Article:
But Russian inaction so far does not mean Russia will keep tolerating Turkish attacks on regime forces. Sitting idly by as Turkey incapacitates the military Russia has helped to build would not only undercut Russian policy in Syria but also deal a blow to its efforts to project power across the region. A recent statement from the Russian Ministry of Defense saying Moscow “cannot guarantee the safety of Turkish aviation in the Syrian sky” is an indication of that. And things could get even more complicated for Turkey in Syria. The recent escalation in Idlib has sped up Kurdish efforts to enlist regime and Russian support for their plans to wrestle back control of the Kurdish town of Afrin, which was captured by Turkish troops in 2018. 

In the meantime, badly needed Western support has not come in the form Erdogan would have wanted. While the U.S. and NATO expressed “full solidarity” with Turkey following the Syria airstrikes, the Patriots Turkey has requested were rejected by the Pentagon, which is still sour over Turkey’s decision to purchase Russia’s S-400 missile defense system and does not believe the Patriots would solve Ankara’s problems in Syria. Other NATO partners have pledged military support, but it is unclear whether those pledges will materialize, especially after Turkey announced it would no longer prevent refugees from heading to Europe — a move that greatly angered European countries. As thousands of migrants travelled to the border with Greece, which Ankara said was open, Athens deployed military forces and said it would deport migrants entering the country illegally. Dutch Prime Minister Mark Rutte condemned Erdogan for disregarding the terms of an agreement under which Europe gave Turkey cash to host refugees and warned that Europe should not renegotiate with Erdogan with “a knife at its throat.”

Despite the problems piling up on the foreign policy front, Erdogan managed to spin the dark mood at home after the killing of dozens of Turkish soldiers. The government’s statements and the decision to open the gates have created an impression among a public deeply troubled by the presence of Syrian refugees that thousands of them would be leaving for Europe. Footage of Turkish forces’ hitting regime targets is on loop on Turkish TV, easing the pressure on Erdogan to respond to the soldiers’ killing. But he must still be afraid of the domestic repercussions of the recent escalation in Idlib. In an effort to avoid public discussion of the incident, he scheduled a closed-door session with opposition parties in Parliament days after the attack and the governorate of Istanbul banned anti-war rallies until March 10.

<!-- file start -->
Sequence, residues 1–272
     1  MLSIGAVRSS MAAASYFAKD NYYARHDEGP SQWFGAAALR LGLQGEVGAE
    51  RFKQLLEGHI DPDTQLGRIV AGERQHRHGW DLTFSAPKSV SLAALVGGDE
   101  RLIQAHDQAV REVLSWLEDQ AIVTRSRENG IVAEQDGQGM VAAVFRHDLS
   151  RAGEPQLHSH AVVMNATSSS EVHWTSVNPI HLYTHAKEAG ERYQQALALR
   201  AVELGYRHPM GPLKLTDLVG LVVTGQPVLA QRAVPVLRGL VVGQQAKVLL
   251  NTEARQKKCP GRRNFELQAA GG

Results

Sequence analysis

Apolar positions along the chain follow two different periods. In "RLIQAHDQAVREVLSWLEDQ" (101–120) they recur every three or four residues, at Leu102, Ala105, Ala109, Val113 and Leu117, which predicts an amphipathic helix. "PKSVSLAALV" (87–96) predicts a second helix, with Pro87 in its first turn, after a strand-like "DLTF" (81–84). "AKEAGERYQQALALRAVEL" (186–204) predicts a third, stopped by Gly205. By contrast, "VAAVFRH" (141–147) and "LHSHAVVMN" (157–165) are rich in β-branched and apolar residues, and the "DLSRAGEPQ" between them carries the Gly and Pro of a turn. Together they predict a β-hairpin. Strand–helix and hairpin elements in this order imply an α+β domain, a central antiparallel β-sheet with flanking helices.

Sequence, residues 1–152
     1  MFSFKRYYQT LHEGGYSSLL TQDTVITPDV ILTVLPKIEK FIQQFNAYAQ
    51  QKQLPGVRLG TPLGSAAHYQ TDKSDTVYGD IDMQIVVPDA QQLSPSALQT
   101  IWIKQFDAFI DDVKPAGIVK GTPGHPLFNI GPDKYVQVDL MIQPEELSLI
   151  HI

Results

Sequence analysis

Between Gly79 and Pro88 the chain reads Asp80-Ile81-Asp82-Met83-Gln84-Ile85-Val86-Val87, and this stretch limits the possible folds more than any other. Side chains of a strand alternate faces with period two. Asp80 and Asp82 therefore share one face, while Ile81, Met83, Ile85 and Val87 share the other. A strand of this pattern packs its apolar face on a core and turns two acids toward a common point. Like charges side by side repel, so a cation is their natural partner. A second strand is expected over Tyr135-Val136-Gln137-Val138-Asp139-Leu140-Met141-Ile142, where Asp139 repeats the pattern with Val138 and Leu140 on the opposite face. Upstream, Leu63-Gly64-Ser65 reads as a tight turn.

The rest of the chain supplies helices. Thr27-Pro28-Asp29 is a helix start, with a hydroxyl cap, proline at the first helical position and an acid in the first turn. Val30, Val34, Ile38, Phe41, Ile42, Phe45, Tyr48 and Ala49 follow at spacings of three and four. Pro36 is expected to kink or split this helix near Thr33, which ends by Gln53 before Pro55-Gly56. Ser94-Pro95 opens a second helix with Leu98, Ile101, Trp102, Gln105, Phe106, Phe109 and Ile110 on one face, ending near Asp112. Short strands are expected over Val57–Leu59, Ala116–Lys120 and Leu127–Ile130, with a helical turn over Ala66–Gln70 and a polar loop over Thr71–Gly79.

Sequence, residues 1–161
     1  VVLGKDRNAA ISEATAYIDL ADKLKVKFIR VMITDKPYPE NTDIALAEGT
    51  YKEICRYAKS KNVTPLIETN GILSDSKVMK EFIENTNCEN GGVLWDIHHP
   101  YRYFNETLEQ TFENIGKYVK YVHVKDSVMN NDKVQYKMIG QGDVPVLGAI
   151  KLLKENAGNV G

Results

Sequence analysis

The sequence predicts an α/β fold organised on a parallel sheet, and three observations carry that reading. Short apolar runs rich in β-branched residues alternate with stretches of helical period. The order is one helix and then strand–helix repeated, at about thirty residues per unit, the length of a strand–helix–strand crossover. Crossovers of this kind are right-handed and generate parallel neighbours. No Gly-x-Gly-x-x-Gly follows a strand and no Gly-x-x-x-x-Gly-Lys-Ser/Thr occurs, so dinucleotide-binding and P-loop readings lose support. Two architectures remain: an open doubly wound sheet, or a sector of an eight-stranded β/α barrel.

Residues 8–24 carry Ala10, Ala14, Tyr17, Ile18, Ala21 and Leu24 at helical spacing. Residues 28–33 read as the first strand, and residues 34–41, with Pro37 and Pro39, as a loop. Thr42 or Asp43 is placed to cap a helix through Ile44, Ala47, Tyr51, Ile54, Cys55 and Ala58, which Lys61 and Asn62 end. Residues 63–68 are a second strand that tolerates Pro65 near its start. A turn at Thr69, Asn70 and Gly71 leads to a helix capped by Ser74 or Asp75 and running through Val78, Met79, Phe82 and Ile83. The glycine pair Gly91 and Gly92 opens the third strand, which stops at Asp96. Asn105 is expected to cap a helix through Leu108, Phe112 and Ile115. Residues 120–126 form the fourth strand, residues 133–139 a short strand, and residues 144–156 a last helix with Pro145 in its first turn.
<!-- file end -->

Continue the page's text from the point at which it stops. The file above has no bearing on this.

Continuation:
Now all eyes are on the upcoming Erdogan-Putin meeting on March 5. Erdogan is going to Moscow with a weak hand. In the past, he played Russia and the West off against each other, but this time he managed to anger both sides, and Donald Trump has no desire to come to Turkey’s rescue. Putin might still choose to de-escalate, but it will likely be on his own terms if he does. Whatever solution is found in Moscow to the current tension, it will likely be a short-term fix. In the long run, Idlib will keep exposing Turkey’s foreign policy missteps and all the troubles the war in Syria has caused for Erdogan at home.


Gönül Tol is the Director of MEI's Turkey Program. The views expressed in this piece are her own. 

Photo by Emrah Oprukcu/NurPhoto via Getty Images